I was initially really excited about switch semester. Being engrained in two academic communities as different as UNC and Duke is a unique opportunity.

How has your experience with the Robertson shaped your goals and career path?

The community in the Robertson is full of really creative people. Being surrounded by such innovators has made me feel more confident in starting a venture of m y own someday.

What has been your favorite Robertson moment so far?

During community summer, I would on occasion drive to New Orleans for the weekend. I remember how excited I would get coming across the bridge. I realized on one of those trips that I was so excited because at some point freshman year, some of the other folks in this program had become my best friends. They still are.

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Joel Kim

Campus: Duke
Hometown: Los Angeles, CA
High School: North Hollywood High School

I have always loved to deeply immerse myself in topics that interest me. As a high schooler, I have pursued my passion of international relations as the founding president of my school's Model United Nations team. Learning about real world issues and actively attempting to solve them showed me the value and importance of public service on an international level. Equally as interesting and important, music is an essential part of my life as a classically trained violist and self taught guitarist. I often find myself lost in tutorials or sheet music for hours on end figuring out the best ways to play and perform a passage. I hope to continue to play music for the rest of my life.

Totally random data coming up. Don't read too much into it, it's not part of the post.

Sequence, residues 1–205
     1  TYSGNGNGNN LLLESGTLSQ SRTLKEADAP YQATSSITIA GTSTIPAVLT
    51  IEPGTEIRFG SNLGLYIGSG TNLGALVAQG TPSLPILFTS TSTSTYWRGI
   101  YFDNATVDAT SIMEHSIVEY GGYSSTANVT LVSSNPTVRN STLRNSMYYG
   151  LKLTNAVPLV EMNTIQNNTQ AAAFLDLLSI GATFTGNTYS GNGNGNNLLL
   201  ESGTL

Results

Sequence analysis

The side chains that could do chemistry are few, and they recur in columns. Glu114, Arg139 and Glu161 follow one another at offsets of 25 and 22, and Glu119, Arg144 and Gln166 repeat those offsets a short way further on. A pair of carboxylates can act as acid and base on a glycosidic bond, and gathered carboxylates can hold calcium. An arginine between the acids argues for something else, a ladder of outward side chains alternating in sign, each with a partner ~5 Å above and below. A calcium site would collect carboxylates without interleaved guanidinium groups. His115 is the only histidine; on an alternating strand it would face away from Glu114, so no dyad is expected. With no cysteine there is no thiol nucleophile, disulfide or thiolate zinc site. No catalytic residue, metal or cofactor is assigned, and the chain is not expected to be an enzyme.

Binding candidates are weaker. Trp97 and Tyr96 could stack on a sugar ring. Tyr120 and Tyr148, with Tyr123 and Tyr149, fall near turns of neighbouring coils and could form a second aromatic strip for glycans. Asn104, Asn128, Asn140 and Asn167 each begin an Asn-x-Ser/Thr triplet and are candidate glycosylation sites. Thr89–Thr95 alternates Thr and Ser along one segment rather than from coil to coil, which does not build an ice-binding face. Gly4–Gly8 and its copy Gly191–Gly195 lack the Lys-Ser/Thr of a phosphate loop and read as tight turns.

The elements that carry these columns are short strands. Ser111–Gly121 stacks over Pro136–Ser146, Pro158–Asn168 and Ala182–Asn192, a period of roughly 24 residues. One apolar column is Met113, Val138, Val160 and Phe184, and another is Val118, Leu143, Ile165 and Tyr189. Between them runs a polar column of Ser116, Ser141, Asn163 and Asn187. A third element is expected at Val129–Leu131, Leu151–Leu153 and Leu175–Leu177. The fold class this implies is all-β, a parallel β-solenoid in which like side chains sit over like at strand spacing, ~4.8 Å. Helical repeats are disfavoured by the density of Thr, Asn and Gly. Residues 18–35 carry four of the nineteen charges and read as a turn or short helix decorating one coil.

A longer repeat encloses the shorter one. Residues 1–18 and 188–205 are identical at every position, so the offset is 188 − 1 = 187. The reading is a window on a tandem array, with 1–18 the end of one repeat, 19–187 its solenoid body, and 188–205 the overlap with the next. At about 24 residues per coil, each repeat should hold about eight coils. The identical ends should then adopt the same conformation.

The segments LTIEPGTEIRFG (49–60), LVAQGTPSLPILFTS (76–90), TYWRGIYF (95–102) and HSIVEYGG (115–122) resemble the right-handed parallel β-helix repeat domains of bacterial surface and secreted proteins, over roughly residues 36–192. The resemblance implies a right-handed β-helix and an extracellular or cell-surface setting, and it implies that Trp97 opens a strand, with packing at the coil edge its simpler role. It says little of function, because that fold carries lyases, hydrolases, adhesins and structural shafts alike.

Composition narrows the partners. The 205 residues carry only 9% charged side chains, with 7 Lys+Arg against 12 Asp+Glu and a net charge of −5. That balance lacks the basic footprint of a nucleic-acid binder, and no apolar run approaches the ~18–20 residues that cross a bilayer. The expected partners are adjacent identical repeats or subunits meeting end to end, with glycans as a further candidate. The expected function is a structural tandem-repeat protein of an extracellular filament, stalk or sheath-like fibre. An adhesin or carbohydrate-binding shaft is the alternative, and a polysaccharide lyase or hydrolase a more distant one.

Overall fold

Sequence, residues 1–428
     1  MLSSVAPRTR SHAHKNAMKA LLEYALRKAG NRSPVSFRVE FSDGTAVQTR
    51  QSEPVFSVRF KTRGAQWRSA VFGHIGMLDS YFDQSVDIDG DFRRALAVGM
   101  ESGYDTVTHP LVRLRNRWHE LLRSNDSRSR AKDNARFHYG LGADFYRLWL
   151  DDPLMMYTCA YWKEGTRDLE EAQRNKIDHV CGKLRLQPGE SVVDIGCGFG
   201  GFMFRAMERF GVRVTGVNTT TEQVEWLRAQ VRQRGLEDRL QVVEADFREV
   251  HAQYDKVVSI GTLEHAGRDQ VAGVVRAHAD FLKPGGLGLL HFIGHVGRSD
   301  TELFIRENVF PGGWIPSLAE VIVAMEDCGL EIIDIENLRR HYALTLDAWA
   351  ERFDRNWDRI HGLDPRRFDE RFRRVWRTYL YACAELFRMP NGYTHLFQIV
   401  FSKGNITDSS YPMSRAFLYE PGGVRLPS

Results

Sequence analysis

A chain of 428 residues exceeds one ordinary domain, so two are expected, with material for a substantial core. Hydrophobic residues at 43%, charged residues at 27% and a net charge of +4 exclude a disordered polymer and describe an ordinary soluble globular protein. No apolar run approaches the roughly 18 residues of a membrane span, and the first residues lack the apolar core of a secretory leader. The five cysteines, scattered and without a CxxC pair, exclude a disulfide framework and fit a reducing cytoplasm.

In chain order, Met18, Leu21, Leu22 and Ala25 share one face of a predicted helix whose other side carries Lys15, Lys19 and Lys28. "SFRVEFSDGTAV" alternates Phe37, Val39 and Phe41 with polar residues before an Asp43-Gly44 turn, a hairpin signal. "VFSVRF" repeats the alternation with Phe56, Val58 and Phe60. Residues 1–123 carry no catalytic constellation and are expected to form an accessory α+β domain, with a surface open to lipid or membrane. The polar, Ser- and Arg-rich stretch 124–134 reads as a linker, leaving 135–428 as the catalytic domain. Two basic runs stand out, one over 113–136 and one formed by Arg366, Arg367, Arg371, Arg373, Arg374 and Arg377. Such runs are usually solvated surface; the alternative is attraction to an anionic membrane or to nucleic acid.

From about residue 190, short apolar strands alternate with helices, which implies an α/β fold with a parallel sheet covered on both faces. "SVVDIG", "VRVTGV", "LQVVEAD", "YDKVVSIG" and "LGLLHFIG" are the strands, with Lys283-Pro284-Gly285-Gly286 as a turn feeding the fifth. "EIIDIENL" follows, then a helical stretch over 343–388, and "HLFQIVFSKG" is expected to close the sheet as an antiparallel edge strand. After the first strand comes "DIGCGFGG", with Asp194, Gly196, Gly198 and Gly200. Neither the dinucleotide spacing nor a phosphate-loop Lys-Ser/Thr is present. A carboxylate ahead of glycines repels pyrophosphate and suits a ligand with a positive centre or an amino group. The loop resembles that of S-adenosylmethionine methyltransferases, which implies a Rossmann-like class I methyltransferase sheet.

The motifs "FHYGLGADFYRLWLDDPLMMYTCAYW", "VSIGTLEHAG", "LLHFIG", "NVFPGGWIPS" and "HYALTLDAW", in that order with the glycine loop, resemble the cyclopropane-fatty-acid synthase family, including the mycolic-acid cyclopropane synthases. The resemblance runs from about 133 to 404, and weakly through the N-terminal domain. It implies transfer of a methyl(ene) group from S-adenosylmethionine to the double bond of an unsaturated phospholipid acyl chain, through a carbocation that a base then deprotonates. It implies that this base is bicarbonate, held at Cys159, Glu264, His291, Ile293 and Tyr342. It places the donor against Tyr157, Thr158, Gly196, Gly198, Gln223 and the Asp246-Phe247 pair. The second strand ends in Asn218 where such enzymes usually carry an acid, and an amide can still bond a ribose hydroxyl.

On weekends and vacations, I thoroughly enjoy to fish in both saltwater and freshwater. Not only do I adore the hours of research that go into finding the best baits and rigs for each location, but I also enjoy being secluded in nature to focus my thoughts without distraction.

What drew you to the Robertson Program? 

The Robertson Program is the perfect undergraduate experience for leadership development. The attention paid to each student as well as the fully funded opportunities allow a freedom of growth like no other that is simply too good to pass up. I believe that the Robertson Program will be able to help me grow both as a leader and as a valuable community member.

Robertson Scholars, Tuesday, Sept. 21, 2021, at Duke University’s Smith Warehouse in Durham, N.C.  

© Copyright 2021 Veasey Conway, All Rights Reserved

Naira Ikram

Campus: Duke
Hometown: Austin, TX
High School: Westlake High School